Matt: Actually, I think it’s a bit of both. It’s surprising, we have done really well. It has been hit-and-miss. Some people have been staring on and I could tell they didn’t enjoy us one bit. Some have been really receptive. Others have come up to us after our performance and said they had no idea who we are, but they really liked us. There are some who came just to see us; they have waited years to see us. They came to the show, watched us play and then left (laughs). I didn’t want to see them skip out before the other bands, but at the same time, I thought it was cool that people would do that. The tour has been great; I can’t think of any bad shows. Before we came here, a lot of people told us to not expect much. We are the opening band, so nobody is going to pay attention. It has been the complete opposite. We also figured we would be playing a bunch of dives, but we have played a few palaces. Some of these venues are amazing!


Metalship : So you’ve played some big places?

Matt: The Grand Ballroom in San Francisco is huge! The Nokia Theater in New York is massive. It has been overwhelming how great some of these venues are. We think, “How did we get on this stage?” We were just blown away!


Metalship : In a press statement, Evile mentioned Overkill and Kreator as two of Mike’s favorite bands. Have you performed any covers of these headlining bands as dedications to Mike?

Matt: We haven’t done anything outwardly public about Mike. I don’t think we feel the need to. We’ve done as much as we could. I’ve done interviews only about Mike in the UK. We have Joel [Graham] now…this is Evile now, and I don’t want to talk about this at every show. I don’t think that is the right way to do it. He will always have a special place in our band, we will never lose that, but it is time to move on. I don’t think it’s fair to Joel. I don’t want this in his face all the time. We are going to do a Pantera cover tonight.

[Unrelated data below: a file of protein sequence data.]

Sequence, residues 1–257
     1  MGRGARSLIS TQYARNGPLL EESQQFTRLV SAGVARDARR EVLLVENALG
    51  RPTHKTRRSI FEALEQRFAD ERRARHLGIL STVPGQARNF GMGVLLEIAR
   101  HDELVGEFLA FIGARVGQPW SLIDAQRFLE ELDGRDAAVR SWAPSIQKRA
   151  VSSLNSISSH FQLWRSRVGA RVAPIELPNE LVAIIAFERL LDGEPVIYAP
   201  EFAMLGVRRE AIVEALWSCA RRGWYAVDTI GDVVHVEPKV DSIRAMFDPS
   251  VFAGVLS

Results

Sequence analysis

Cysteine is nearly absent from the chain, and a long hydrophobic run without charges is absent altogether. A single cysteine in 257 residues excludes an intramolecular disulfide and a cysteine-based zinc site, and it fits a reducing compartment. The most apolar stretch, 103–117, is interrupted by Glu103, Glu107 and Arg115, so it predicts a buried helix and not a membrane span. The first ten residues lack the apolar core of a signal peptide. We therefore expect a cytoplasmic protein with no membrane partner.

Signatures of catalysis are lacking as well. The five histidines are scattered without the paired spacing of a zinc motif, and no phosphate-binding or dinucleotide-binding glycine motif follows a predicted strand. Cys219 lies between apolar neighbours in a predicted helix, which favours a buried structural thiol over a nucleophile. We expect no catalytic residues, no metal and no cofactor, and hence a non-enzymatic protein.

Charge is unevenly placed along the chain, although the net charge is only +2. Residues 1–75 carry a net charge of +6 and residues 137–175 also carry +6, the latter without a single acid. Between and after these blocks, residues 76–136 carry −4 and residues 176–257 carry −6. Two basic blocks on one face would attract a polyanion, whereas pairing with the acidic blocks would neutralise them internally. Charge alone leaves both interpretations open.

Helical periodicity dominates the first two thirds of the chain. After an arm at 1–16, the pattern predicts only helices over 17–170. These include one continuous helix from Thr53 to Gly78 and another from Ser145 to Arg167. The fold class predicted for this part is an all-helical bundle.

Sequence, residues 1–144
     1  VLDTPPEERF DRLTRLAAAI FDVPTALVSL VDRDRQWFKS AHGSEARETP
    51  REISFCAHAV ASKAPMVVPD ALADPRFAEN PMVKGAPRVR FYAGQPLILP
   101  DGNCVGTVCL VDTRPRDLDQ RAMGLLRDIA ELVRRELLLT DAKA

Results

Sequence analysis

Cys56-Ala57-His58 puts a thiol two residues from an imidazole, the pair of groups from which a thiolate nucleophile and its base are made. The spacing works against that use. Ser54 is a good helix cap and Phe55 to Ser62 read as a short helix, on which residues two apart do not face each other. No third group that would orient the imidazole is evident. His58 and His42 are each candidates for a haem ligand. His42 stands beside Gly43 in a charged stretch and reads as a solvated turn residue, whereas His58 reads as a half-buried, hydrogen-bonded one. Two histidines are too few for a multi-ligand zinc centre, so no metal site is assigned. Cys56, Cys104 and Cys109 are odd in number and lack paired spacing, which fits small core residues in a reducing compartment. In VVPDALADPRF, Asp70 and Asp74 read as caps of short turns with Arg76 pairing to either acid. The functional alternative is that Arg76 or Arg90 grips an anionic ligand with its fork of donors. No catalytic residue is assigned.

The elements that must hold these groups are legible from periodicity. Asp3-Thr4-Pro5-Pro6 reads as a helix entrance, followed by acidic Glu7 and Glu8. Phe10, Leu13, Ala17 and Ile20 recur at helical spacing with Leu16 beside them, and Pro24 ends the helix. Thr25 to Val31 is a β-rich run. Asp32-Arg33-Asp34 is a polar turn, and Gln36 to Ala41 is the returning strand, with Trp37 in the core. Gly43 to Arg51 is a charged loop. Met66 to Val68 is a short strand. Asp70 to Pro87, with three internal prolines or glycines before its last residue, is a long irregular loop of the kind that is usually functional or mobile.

Metalship : You are only playing the Pantera cover (“Cemetery Gates”) in Texas?

Ol: Yes, considering Dime was from around Dallas and the whole Pantera/Texas thing, we figured “why not?”


Metalship : It should go over well.

Ol: That’s why we are doing it (laughs).

Matt: We are dedicating this song to Dimebag and Mike. That was the last song Mike recorded with us.


Metalship : What is it like playing this song’s guitar tricks?

Ol: It’s very challenging. We’ve played it quite a lot, so we are pretty confident.


Metalship : Are you trying to put your own take on the song?

Ol: No, we try to stay as true to the original as possible. I always hate it when people cover a song I love and they butcher it. I always think “why did you do that,” so we wanted to be loyal to the song.

Matt: It was quite a challenge to try to make the song as good as the original. My voice is quite different, but I think I’ve gotten it down. Live it might be different. Ben could do the high pitches in the studio. I couldn’t do it. Ben [Carter] did it in the studio, but I’m going to give it a go tonight. We’ll see what happens…